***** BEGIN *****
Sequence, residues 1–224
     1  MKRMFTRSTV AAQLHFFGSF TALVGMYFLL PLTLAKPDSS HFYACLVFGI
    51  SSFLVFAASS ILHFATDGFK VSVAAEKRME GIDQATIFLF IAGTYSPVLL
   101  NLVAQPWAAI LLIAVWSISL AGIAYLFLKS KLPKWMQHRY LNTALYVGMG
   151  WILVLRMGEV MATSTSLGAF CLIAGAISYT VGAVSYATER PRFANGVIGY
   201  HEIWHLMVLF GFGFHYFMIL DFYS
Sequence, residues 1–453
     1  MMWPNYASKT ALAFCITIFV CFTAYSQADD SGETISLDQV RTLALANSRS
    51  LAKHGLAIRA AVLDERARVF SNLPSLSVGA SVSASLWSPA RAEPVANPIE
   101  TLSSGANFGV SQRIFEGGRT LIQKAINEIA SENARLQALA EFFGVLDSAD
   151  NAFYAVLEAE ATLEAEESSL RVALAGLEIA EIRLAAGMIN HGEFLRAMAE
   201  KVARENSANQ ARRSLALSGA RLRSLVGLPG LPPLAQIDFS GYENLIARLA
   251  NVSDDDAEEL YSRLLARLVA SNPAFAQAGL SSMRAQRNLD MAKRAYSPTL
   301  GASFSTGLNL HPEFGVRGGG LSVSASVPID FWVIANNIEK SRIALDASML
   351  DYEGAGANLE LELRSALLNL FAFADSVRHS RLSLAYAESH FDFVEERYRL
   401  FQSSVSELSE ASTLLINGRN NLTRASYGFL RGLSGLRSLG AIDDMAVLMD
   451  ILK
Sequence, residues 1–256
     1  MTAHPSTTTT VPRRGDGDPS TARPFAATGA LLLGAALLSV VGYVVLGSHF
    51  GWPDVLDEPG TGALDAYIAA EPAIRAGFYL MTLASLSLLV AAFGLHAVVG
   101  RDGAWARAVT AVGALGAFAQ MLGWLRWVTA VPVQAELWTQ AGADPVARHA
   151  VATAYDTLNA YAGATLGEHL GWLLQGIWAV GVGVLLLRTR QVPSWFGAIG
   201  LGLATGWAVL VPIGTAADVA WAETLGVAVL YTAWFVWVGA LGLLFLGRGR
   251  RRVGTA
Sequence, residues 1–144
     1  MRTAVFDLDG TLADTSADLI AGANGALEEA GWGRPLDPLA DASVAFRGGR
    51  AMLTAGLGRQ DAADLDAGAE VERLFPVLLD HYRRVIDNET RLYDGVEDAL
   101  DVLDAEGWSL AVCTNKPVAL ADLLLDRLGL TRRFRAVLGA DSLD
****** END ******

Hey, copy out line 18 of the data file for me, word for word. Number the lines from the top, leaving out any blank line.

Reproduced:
Sequence, residues 1–256